Chapter 7 Filing Eligibility – Means Test

The 2005 amendments to the Bankruptcy Code included a “means test” intended to make it more difficult for wealthy consumers to file Chapter 7 bankruptcy. If your income is below the median family income for your household size, you need not worry about the “means test.”

Most people who are considering bankruptcy want to file a Chapter 7.  There’s a good reason. In a Chapter 7, there is no requirement to repay your debts. The time from filing to finish is normally about 4 months. Chapter 7 can wipe out most common debts (other than student loans) unless it’s a debt you want to keep – like the mortgage on your home.

Chapter 13 has its own advantages, but most people choose it over Chapter 7 only it certain situations. Unlike a Chapter 7, Chapter 13 can stop a foreclosure and let you get caught up on the missing payments. Chapter 13 can allow you to keep some especially important items of property that you might lose in a Chapter 7. While Chapter 13 is usually much better than not filing bankruptcy, most people want to file a Chapter 7.

Are you wondering if you’ll be able to file for bankruptcy under Chapter 7?  Most people find that they can file a Chapter 7.

Determining who can file for bankruptcy is complicated. Here’s a condensed explanation of how the Chapter 7 means test works:

– The Chapter 7 means test compares your gross monthly income to a family of the same size as yours in your state. If your income falls below the median amount, you can usually file for Chapter 7 bankruptcy.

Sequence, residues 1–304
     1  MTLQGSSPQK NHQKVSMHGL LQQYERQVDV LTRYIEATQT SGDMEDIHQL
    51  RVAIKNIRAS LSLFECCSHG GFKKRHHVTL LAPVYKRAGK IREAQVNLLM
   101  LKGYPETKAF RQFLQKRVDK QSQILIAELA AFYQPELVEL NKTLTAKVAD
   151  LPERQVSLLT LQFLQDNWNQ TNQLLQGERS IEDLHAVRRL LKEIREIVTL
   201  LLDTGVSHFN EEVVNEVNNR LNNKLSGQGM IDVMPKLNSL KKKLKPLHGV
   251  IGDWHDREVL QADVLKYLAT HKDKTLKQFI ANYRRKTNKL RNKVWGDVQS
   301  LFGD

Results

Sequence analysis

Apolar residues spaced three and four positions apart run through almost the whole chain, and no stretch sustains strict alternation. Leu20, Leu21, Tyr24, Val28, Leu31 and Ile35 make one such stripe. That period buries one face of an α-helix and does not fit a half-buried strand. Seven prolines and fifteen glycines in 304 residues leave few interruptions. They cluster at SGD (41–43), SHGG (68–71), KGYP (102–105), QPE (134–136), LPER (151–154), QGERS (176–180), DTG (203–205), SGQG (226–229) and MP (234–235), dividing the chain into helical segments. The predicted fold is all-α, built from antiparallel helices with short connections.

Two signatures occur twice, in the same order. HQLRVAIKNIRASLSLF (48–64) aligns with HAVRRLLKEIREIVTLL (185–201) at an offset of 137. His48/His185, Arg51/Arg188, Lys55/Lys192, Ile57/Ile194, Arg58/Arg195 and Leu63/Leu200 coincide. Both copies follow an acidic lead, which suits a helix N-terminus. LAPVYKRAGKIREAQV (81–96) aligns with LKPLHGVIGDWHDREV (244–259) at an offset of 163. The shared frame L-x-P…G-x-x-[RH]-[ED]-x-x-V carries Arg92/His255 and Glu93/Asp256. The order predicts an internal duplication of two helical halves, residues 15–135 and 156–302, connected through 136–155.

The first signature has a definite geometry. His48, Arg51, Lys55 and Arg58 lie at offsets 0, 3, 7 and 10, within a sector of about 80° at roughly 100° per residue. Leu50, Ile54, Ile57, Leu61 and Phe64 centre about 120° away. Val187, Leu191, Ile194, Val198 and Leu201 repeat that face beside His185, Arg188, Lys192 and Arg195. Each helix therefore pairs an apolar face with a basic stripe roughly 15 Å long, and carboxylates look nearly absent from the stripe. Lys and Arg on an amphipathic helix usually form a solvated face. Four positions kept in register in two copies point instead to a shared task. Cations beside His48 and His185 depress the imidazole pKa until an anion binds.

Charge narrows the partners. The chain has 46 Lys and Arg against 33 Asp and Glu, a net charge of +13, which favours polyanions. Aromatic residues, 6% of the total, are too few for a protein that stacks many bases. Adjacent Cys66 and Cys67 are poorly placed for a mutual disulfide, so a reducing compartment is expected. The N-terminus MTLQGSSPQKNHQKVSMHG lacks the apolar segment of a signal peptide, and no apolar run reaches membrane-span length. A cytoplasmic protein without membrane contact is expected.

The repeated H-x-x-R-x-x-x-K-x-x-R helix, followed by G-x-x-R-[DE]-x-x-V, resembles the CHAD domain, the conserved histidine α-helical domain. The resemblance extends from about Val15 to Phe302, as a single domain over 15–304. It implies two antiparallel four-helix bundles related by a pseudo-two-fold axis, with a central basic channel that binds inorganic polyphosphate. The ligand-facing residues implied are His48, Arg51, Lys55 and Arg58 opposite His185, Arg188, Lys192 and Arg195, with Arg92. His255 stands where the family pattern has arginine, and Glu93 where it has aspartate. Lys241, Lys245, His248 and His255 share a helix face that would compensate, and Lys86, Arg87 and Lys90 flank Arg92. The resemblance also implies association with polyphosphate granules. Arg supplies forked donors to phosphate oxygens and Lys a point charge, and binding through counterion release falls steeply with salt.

• The median income is based on the size of the family.
  • The threshold for Florida as of April 1, 2016, ranges from approximately $44,000 for a family of one to $84,000 for a family of six.

– If your income is higher than the median amount, a calculation of your monthly expenses, income, and debts is used to determine whether you can file under Chapter 7.

Even if your income exceeds the median income based on the number of people in your family, you may still qualify for Chapter 7 if you do not have enough disposable income to make a significant monthly payment to your credit card debts and other forms of standard unsecured debts. A debtor’s disposable income is evaluated after allowing for a number of deductions from your gross income, which include the following:

  • Standard mandatory payroll deductions
  • Secured obligations (e.g. mortgage, financed vehicles)
  • Priority unsecured debts (e.g. child support, alimony, certain taxes, etc.)
  • Necessary living expenses in amounts allowable under IRS regulations
  • Certain extraordinary expenses that occur regularly
  • Certain expenses based on actual amounts paid

Debtors that do not have enough income remaining after these amounts have been deducted qualify for Chapter 7 under the means test

Debtors who do not qualify for Chapter 7 under the means test can file a Chapter 13 bankruptcy.  Call us so we can evaluate your situation and advise you about your eligibility under the Chapter 7 means test.  Contact us today to schedule your 30 minute consultation.